This New Study Is Going to Change the Way You Lift Weights
We’ve all been there: Standing in the middle of the weight room at the gym or holding dumbbells at home trying to figure out the best way to get the most out of our workout. And we know weight training is a great whole body workout, but the debate between lifting heavy weights versus starting out on the lighter side has been going on for years. But now, a new study is shedding light on what’s actually the best way to build muscle and strength.
The study by researchers at McMaster University in Canada found that — wait for it — it really doesn’t matter whether you choose heavy or light weights. But there is one thing that does matter a lot: whether or not you lift to fatigue. So think you’re killin’ your sets because 15-pounders have become super easy? It’s time to step up the reps or the amount of weight if you want any results.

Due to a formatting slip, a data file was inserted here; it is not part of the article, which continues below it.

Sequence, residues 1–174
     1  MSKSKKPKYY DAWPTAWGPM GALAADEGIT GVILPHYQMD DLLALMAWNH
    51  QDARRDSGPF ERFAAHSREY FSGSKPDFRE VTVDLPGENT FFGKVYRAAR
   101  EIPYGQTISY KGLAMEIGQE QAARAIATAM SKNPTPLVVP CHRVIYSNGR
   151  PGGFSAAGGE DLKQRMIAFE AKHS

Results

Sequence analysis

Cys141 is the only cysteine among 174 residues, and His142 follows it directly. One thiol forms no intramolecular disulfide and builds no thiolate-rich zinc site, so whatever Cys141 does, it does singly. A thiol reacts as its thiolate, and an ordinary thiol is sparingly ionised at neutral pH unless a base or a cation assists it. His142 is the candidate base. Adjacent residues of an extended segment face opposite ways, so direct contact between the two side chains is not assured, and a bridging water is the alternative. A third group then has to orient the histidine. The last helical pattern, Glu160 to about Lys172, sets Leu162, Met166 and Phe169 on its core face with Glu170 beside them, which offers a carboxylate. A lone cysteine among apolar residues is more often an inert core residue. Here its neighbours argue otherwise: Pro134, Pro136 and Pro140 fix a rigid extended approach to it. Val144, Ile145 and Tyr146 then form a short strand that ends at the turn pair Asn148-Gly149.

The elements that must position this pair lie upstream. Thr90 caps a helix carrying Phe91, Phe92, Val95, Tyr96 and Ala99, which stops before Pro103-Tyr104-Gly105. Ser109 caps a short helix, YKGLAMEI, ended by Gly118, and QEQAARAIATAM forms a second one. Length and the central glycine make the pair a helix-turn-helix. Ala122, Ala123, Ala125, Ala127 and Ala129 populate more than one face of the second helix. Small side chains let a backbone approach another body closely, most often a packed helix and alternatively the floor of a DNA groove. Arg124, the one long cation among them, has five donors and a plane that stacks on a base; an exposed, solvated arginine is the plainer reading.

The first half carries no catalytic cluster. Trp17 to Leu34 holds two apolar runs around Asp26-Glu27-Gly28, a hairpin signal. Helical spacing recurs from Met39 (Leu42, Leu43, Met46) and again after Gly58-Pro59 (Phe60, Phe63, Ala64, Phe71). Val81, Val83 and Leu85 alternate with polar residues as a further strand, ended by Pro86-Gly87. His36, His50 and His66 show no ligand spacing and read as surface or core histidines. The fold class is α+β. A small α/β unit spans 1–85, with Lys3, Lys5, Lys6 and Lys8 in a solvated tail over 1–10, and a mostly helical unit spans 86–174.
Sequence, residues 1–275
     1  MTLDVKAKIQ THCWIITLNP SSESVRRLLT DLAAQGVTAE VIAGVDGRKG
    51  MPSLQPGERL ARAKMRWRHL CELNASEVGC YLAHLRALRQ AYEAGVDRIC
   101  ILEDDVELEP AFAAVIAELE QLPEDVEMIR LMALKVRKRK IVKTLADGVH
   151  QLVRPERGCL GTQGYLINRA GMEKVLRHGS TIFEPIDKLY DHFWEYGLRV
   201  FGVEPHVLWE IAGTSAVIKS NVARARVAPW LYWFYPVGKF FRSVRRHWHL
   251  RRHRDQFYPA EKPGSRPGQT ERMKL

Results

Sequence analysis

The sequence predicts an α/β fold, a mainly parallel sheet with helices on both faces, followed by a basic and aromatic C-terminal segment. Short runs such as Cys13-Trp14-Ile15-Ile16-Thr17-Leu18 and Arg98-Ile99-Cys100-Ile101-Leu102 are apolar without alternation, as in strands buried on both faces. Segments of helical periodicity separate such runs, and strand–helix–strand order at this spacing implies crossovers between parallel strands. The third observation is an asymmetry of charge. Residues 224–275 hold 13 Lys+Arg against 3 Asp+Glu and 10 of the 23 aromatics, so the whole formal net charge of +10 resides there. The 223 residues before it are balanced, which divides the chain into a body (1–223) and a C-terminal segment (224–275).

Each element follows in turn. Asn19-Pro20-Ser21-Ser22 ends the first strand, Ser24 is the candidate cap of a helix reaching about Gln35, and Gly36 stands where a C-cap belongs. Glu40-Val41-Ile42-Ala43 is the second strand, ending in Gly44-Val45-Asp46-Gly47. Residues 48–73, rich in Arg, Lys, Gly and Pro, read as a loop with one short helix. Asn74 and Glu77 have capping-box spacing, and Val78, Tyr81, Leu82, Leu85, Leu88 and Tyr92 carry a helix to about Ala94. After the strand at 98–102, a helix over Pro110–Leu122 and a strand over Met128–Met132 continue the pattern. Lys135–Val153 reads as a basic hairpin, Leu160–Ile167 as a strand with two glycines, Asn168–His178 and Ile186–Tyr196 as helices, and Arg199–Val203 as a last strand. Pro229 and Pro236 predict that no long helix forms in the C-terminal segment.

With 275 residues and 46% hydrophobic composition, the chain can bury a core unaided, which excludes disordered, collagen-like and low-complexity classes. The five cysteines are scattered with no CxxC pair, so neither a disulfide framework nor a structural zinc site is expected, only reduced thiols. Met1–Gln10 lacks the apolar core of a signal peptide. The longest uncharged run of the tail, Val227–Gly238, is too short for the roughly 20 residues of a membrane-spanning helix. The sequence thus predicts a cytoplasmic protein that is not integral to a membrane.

Stuart Phillips, senior author on the study, says, “Fatigue is the great equalizer here. Lift to the point of exhaustion and it doesn’t matter whether the weights are heavy or light.” That’s great news for all workouts.
The researchers studied two groups of men, all experienced weight lifters, for 12 weeks. One group was tasked with lifting lighter weights at repetitions of 20-25 while the other group lifted heavier weights for repetitions of eight to 12. Researchers then analyzed both groups’ muscle and blood samples and found that both groups’ key measures of strength, muscle mass and muscle fiber size were nearly identical.
Overall, this is great news for lifters on both sides of the fence. As long as you’re working out to the max, this study suggests that you’ll be good — whether you’re lifting 25 pounds or five. Of course, more research needs to be done to determine the exact underlying causes of the muscle growth, but for now, go grab yourself some weights and kick it into high gear. We’ve got strength to gain.
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